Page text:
Anyway, that original manuscript was lost. Nobody knew where it was, including the author, till it turned up last year attached to an original typescript of To Kill A Mockingbird. Cripes, and I think my home is a mess!
Up till a few years ago, I suspect Harper Lee would have said, "Oh, no, don't publish that piece of crap, it's embarrassing!" But you get that old and you think, "what-the-heck, if I don't say yes now, they'll just publish it after I'm gone." So its coming out in July.
And having said all this, I don't thin I'll buy it until after it has had some decent reviews. I'm not even sure I will read it then. Mockingbird is one of my all-time favourite novels and while I don't think anything this author wrote could be bad, it just won't be the same, and I'm afraid that if I don't love it immediately it may taint my love of the other book.
I'll have to think about this.
What do you think, readers? Who's going to buy it as soon as it comes out? Or not buy it at all?
By: Sue Bursztynski,
I'm reading Carole Wilkinson's Shadow Sister, fifth in the Dragonkeeper Chronicles. Halfway through, I'm thinking, after this the only thing I have left to read will be the last few pages of a novel I've left as a treat to myself in case there were some books I didn't much care for - and there were, though I won't say what they were, of course.
In a way, it's kind of sad, though I do have other stuff that needs reading - several review books from Bloomsbury, including a Mark Walden book and the second half of Neil Gaiman's Graveyard Book graphic novel, some books by Alice Pung to help me when the lady visits my school in a few weeks to speak to the Year 9 and 10 students, slush for ASIM...
The task won't be over by any means; in a few days we will be communicating to work out a short list, then a winner of the children's section of the 2015 Aurealis Awards. And there will be some disagreement. We're all very different except in our love of books for young readers. I am a writer and teacher-librarian in a secondary school. That might suggest I'd be better in the YA section, but I've been writing for primary school kids for years and we have a lot of students who aren't quite ready for YA anyway. The Year 7 kids are not much past primary school anyway, and some a bit older are still reading books for younger readers. And there are entries that are on the edge of YA and have probably been entered for that section anyway. Jordi is at the Centre for Youth Literature, so does both kinds. Sarah Fletcher is in publishing and, in fact, worked with me on Wolfborn. The other Sarah, Mayor Cox, is a big name in children's books and education.
And we don't agree about many of the books. Some, yes. I think there are some we all agree are truly dreadful, making it easy to leave them off the short list. A very few we all like. Others we will no doubt argue about. We all have our favourites. Yes, it will be interesting to see what happens in the next few days. We have a number of criteria - worldbuilding, characterisation, plot, spec fic elements, etc. - but I think once we have a short list I, at least, will be asking myself, which of these would my students love? Because in the end, that should surely be what it's about. Year after year I've seen CBCA shortlists in which there are books that kids wouldn't read in a fit. And schools buy them in class sets to be studied. In all fairness, there are also books that kids have nominated on their own lists. But they don't tend to be the winners. Strange, really, because I know that the judges are passionate lovers of youth literature and some are teacher librarians themselves; I've interviewed two on this blog, Miffy Farquharson and Tehani Wesseley.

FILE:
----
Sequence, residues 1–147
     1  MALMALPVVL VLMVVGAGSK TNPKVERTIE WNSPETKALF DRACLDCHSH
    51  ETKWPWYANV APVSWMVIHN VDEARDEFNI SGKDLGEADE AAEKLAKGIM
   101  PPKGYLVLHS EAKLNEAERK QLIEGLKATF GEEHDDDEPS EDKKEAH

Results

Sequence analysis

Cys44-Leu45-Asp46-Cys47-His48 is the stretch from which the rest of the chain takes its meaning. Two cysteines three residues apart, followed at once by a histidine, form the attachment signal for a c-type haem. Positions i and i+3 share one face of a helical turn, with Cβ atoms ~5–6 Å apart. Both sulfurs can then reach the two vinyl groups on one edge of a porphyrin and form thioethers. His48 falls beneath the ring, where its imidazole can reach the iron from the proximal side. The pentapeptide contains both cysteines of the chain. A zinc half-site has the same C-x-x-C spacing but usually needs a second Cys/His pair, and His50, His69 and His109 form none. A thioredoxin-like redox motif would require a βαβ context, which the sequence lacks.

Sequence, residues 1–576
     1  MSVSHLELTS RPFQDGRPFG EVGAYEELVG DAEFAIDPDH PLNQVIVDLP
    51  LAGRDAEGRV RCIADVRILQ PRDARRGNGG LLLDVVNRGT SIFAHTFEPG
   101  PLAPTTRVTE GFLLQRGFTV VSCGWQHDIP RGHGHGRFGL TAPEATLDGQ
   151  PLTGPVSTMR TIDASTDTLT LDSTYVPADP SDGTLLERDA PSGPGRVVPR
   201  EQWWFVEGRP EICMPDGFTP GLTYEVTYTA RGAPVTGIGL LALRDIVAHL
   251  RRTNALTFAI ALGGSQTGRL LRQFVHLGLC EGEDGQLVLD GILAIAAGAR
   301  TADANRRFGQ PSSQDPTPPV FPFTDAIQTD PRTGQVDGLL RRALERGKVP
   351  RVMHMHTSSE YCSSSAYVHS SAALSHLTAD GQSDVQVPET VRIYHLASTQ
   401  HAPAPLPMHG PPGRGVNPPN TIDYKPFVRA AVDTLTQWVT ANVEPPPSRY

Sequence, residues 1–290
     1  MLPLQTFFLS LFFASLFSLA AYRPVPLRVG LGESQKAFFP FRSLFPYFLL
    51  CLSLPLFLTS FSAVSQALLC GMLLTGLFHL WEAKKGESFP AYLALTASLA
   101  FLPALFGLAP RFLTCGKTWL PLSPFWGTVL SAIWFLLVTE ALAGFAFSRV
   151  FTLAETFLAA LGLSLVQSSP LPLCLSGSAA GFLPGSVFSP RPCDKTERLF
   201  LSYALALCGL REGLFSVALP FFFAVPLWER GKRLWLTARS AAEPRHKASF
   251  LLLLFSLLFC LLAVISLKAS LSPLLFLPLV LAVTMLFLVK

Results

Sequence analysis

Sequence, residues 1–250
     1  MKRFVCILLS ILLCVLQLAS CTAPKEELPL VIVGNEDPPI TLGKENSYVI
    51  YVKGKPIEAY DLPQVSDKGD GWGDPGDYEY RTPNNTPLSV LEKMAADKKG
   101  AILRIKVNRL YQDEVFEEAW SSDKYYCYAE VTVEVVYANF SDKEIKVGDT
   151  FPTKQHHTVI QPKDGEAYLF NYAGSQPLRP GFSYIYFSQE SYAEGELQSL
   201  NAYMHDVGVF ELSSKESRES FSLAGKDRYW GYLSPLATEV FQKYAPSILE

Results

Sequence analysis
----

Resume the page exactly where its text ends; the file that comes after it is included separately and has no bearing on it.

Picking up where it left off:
Anyway, we'll see how it goes and when there is an offical short list I will be adding it to this blog as soon as it's been announced on the AA website. Keep reading!
By: Sue Bursztynski,
I don't think I'm the only one to use music to get me in the mood for writing. In fact, some novelists add to the back page a playlist of the tunes they have used while creating their works of genius.
The thing is, quite a lot of my writing has been done outside the house. This, for example, is being written on the Watergardens train, on the way to my first day at work for 2015. So it's done to the music of train whistles, powered doors closing and wheels on the rails. I wrote most of Crime Time: Australians Behaving Badly at the Presse Cafe in Elwood, because at the time I was on dialup and I had used most of my twenty hours per month of download time; the Presse has free wifi - and no background music, thank heaven!
But I do have days - and late nights - when I set up my laptop in the living room, put on the kettle and get stuck into my latest WIP. At those times, I like to get in the mood with the appropriate music or even, occasionally, movie.
If I'm writing a mediaeval fantasy, for example, I might play some early music. That can sometimes be a problem because I used to learn Renaissance dance and a sprightly galliard tune will get me out of my seat and doing galliard variations, or a pavane to the Boar's Head Carol. Actually, you really need a partner to do the pavane properly, but never mind. I do it, and it takes me away from the writing. Not for long, though, and when I return I'm energised and keen to write more.
For a battle scene I like epic film music, Miklos Rosza or Elmer Bernstein for preference, but Howard Shore's Lord Of The Rings music will do nicely.